That’s the message I came away with after reading an online article from a Philadelphia Inquirer reporter about a decision by the state of Pennsylvania to limit eligibility for food stamps. The article is a perfect example of the difficulty advocates for limited government face in communicating their ideas through the mainstream press.

At issue is the PA Department of Public Welfare’s decision to eliminate eligibility for food stamps for people under the age of 60 who have more than $2,000 in assets (the value of one’s house, retirement benefits, and car would be excluded). The DPW estimates that only “2 percent of the 1.8 million Pennsylvanians receiving food stamps would be affected by the asset test.” Indeed, the DPW’s website notes that “Because of changes to SNAP, most Pennsylvania households are not subject to a net income limit, nor are they subject to any resource or asset limits.”

(SNAP is the acronym for the federal Supplemental Nutrition Assistance Program, which was known as the Food Stamp program until 2008 when Congress changed its name to sound more palatable. The program is run jointly by the U.S. Department of Agriculture and state governments, but federal taxpayers pay for the direct benefits.)

One of the “changes” that the DPW refers to is categorical eligibility, which basically means that Pennsylvania households already receiving benefits from other welfare programs, including cash welfare and Supplemental Security Income, automatically qualify for food stamps. In recent years, both the state of Pennsylvania and the federal government have made it easier to qualify for food stamps benefits.

Unfortunately, the Inquirer reporter either wasn’t aware of these details or didn’t deem them important enough for inclusion. Instead, he quotes ten—let me repeat that, ten—critics of the DPW’s decision. The critics include a “national hunger expert,” the legal director of a “leading anti-hunger group,” the executive director of the Greater Philadelphia Coalition Against Hunger, the executive director of the “liberal Pennsylvania Budget and Policy Center,” and an older woman who says that she’ll “have to give up paying for my health insurance.”

It took me all of two minutes to get a quote from Nathan Benefield, the director of policy analysis at Pennsylvania’s pro-liberty Commonwealth Foundation:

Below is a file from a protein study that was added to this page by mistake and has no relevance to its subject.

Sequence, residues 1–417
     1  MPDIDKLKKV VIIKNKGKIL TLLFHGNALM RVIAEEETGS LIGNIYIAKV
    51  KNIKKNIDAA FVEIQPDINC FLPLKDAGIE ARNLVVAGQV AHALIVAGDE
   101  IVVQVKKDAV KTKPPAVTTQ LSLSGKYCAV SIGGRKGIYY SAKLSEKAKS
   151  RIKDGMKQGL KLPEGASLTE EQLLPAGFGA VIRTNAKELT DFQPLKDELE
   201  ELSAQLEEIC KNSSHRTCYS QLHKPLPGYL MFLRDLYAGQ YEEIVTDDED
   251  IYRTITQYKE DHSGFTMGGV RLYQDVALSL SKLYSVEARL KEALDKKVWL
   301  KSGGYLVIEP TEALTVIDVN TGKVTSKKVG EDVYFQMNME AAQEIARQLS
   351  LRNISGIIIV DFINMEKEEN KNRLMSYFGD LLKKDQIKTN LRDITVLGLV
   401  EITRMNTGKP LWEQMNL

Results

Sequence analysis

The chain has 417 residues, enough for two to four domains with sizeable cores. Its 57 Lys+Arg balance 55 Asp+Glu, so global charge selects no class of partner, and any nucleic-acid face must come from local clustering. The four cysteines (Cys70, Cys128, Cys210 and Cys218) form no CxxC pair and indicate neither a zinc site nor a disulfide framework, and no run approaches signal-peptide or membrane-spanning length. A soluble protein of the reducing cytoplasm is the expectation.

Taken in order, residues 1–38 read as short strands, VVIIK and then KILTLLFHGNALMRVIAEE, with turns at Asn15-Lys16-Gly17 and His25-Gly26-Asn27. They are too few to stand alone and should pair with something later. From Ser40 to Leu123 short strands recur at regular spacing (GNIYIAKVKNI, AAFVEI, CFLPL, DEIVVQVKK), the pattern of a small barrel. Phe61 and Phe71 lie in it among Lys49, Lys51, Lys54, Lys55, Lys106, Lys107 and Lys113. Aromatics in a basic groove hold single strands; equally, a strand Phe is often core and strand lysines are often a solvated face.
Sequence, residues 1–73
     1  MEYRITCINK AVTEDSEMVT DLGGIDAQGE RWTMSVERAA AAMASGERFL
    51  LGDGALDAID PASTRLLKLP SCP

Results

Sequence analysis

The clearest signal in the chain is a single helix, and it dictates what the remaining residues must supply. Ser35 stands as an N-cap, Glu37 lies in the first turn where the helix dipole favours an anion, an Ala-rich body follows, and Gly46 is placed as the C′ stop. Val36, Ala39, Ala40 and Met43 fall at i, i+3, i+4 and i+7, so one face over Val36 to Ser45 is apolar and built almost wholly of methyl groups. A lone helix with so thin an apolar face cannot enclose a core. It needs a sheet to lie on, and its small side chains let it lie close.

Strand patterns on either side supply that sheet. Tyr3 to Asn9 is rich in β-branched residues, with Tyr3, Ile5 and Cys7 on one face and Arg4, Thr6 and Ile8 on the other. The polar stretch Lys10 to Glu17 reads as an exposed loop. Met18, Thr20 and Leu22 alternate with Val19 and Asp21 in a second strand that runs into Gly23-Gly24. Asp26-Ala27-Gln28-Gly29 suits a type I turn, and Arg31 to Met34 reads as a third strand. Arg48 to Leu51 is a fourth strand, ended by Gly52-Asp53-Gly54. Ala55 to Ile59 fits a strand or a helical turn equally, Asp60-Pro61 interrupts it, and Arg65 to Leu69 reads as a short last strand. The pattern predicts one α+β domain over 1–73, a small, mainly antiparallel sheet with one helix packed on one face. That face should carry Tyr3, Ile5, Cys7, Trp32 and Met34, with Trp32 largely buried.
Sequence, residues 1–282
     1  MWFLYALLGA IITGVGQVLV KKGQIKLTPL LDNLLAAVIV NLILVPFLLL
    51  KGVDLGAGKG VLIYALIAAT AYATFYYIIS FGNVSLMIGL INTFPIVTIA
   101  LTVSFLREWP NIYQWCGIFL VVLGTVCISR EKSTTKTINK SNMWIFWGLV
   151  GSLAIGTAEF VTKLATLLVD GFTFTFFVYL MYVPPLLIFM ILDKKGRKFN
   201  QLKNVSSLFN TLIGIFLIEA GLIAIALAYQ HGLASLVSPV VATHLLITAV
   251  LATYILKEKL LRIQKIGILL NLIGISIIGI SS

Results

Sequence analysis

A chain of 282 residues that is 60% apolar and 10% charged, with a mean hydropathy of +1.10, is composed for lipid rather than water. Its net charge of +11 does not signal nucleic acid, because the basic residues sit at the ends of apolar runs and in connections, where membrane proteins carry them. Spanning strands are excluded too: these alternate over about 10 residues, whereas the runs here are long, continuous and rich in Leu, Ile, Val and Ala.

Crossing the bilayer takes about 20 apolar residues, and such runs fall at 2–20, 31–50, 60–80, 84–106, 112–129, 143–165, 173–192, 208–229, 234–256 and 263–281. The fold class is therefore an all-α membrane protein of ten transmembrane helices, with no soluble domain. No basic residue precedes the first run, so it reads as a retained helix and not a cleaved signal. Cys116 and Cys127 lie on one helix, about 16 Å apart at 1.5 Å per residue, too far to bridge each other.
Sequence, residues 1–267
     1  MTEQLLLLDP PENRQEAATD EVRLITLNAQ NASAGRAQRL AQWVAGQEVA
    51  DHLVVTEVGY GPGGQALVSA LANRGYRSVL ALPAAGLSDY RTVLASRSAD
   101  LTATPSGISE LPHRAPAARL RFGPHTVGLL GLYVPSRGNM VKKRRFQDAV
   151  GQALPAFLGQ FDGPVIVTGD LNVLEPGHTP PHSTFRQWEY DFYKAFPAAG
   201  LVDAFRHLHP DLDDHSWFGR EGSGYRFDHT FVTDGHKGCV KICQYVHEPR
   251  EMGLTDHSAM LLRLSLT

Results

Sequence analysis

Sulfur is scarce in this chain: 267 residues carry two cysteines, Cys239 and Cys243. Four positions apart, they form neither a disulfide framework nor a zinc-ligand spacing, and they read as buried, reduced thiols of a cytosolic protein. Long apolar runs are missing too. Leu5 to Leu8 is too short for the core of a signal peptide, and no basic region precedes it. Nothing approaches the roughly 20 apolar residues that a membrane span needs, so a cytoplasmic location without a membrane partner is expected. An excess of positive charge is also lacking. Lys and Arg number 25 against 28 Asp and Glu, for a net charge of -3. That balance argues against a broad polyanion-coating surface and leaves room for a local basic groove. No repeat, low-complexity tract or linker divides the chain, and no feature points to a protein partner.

Unfortunately for taxpayers, politicians in Harrisburg and Washington have for the past few years considered it a “success” to have more families on welfare. Pennsylvania welfare eligibility and spending—including for food stamps—has exploded, threatening to crowd out everything else in the state budget. Means testing for assets is a common-sense reform to ensure those who truly need aid get it.

There, was that so hard?

Of course, journalists who are interested in getting the pro-liberty take on welfare reform are welcome to contact my colleagues and me at the Cato Institute. Honestly, we don’t want people to starve in order to save a buck—we just believe that the federal government is an improper and less effective means for assisting those who are truly in need. Pressed for time? Here are Cato essays on food subsidies, welfare, and federal subsidies to state and local government.

School Choice Murder-Suicide in Pennsylvania

A huge school choice opportunity has been lost for the moment in Pennsylvania. But that lost opportunity is not the voucher program that has  drawn so much attention.

The political conflagration touched off by the push for a targeted, failing-schools voucher program incinerated along with it a massive expansion of an existing, popular, successful, bipartisan-supported, and better program; the Educational Improvement Tax Credit (EITC). The House passed this expansion of credit program by a massive margin. And when I say “massive,” I mean 96 percent in favor to 4 percent opposed. Unfortunately, a stand-alone credit bill was not considered in the Senate, and the expansion fell by the wayside as the voucher battle raged.